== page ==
Nigeria election: Bola Tinubu leads tightest race since end of military rule, but outcome hard to predict

Electoral commission refutes allegations of lack of transparency levelled by main opposition parties

Ruling party candidate Bola Tinubu was in pole position on Monday night as results continued to be announced in Nigeria’s tightest presidential election since military rule ended in 1999, but the outcome remained in the balance.

The country’s two main opposition parties – the Peoples Democratic Party (PDP) and the Labour Party – walked out of the venue where results were being announced in protest at what they said was a lack of transparency – an allegation denied by Nigeria’s electoral commission.

In total, 18 candidates ran for president in Saturday’s poll. There were three clear front-runners: Mr Tinubu (70) of the ruling All Progressives Congress; Atiku Abubakar (76), from the main opposition People’s Democratic Party; and Peter Obi (61), a surprise third lead candidate representing the Labour Party.

Mr Tinubu was ahead on Monday evening, with Mr Abubakar in second place and Mr Obi in third, though the final result remained unpredictable.


Nigeria is Africa’s most populous country and biggest economy. The west African country has more than 200 million citizens, more than 93 million of whom were registered to vote.

The next president will have to deal with a range of issues, including growing insecurity. A nearly 14-year-old Islamist insurgency in Nigeria’s northeast has forced millions of people away from their homes, while a banditry and kidnapping epidemic in the northwest and north-central has displaced more than a million. The country’s southeast has also been experiencing a wave of violence by armed gangs and suspected separatists.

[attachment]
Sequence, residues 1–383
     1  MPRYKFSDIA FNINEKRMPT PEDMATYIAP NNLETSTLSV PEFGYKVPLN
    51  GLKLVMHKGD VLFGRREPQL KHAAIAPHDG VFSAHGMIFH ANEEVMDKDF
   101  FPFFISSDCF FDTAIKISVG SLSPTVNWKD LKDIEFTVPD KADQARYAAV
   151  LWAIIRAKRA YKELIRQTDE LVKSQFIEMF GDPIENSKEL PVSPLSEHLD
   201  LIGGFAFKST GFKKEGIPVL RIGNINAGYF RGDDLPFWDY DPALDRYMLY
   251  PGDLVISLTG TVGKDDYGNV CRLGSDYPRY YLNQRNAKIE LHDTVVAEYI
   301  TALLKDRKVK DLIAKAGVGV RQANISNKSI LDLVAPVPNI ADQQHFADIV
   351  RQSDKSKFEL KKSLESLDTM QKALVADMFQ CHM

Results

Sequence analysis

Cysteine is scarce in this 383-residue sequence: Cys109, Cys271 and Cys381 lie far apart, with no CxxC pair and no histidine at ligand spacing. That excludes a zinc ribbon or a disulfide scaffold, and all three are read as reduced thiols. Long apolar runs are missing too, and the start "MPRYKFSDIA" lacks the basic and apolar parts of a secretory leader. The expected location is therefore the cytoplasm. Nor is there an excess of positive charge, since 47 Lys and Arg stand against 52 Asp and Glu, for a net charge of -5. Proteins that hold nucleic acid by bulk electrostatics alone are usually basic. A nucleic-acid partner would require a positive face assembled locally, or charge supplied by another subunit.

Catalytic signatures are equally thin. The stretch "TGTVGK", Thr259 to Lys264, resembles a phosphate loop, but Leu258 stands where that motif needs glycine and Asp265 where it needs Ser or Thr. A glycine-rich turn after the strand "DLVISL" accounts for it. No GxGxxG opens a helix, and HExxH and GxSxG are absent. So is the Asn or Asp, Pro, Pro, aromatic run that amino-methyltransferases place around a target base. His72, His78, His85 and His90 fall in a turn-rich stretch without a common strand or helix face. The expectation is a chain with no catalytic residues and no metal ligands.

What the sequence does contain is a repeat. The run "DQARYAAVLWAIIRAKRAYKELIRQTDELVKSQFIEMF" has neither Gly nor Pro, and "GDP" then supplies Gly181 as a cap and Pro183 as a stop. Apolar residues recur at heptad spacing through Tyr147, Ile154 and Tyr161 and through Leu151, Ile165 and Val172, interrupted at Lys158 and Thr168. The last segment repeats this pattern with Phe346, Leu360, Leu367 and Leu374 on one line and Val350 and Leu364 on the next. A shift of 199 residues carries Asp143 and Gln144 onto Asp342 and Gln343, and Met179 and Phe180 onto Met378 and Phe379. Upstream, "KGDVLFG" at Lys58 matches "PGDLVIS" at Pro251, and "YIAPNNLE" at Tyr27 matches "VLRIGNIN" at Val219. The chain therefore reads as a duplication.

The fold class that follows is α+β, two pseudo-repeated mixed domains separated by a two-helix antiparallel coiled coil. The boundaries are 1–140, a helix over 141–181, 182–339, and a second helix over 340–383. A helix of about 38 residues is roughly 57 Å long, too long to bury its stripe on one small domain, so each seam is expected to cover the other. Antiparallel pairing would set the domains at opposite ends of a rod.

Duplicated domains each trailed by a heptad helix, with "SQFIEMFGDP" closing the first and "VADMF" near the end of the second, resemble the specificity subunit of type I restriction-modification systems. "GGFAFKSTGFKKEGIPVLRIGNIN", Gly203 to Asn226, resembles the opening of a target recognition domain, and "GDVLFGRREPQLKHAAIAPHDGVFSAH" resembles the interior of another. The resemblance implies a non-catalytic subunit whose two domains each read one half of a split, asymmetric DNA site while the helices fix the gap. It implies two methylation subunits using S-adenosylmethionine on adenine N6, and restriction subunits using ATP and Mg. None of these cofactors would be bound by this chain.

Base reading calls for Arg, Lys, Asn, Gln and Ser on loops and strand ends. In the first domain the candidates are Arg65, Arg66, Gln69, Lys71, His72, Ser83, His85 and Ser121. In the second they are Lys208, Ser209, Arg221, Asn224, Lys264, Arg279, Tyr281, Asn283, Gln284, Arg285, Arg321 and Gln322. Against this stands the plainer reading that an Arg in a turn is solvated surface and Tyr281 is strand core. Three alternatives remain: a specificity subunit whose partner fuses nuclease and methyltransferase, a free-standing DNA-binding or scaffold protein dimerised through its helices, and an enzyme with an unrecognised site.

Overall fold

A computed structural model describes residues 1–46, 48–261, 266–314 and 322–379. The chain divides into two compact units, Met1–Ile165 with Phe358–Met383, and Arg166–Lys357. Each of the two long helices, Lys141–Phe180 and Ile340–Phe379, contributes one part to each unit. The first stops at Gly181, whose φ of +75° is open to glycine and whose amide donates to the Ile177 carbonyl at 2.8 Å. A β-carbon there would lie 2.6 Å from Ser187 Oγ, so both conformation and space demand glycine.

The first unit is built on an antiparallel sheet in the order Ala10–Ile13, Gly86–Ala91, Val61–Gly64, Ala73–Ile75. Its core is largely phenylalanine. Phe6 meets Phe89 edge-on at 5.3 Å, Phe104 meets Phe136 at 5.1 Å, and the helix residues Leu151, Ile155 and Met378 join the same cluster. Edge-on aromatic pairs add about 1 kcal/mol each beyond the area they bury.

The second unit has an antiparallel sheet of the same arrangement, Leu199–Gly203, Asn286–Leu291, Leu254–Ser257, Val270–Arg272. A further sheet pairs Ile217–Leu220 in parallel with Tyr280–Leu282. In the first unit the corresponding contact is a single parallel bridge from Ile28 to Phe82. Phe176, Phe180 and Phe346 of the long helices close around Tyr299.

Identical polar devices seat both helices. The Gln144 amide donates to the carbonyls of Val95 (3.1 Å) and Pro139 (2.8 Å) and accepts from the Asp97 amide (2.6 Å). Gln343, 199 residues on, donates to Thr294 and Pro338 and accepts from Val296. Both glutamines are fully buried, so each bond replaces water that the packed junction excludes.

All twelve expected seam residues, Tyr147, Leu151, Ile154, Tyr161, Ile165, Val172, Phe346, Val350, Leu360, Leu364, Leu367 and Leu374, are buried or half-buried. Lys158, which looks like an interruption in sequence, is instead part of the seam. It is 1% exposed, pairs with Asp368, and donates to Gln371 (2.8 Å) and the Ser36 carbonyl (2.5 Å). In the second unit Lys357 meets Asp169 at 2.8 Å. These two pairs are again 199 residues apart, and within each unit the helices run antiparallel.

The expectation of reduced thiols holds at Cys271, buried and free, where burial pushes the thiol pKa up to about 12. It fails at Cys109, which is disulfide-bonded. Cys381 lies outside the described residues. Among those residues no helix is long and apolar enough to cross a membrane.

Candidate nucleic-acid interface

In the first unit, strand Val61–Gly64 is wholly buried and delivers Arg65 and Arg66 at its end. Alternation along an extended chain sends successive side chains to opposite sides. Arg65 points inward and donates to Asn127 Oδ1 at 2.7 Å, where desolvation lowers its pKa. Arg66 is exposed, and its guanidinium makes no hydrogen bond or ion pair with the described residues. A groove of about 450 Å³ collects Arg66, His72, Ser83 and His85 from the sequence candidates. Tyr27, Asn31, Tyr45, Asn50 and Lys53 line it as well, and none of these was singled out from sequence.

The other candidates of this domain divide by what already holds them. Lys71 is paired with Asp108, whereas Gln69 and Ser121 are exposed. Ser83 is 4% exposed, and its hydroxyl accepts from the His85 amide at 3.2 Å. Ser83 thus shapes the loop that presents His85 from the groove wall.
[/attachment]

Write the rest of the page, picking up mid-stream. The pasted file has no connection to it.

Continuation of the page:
Nigeria, which is expected to have the world’s third largest population by the middle of this century, also has high levels of unemployment. Some 70 per cent of its population are under the age of 30.

As well as requiring the most votes overall, the winner needs at least a quarter of all ballots cast in 25 of Nigeria’s 36 states. If this is not achieved, there is likely to be a run-off within three weeks.

Voting on Saturday was hampered by delays and attacks on polling stations. In some parts of the country, people ended up casting a ballot on Sunday instead.

The EU election observation mission released a preliminary statement on Monday, saying the elections were kept on schedule “despite a volatile and challenging environment”, but that the “lack of transparency and operational failures reduced trust in the process and challenged the right to vote”. It said there were “widespread allegations of vote buying”, and that fuel shortages and problems accessing cash following a botched currency change had also presented challenges.

Last week, outgoing president Muhammadu Buhari tweeted calling for peace.

“Let me remind all Nigerians, not for the first time, that this is the only country we have, and we must do everything to keep it safe, united and peaceful,” he said. “There should be no riots or acts of violence after the announcement of the election results. All grievances, personal or institutional, should be channelled to the relevant courts.”

Sally Hayden

Sally Hayden

Sally Hayden, a contributor to The Irish Times, reports on Africa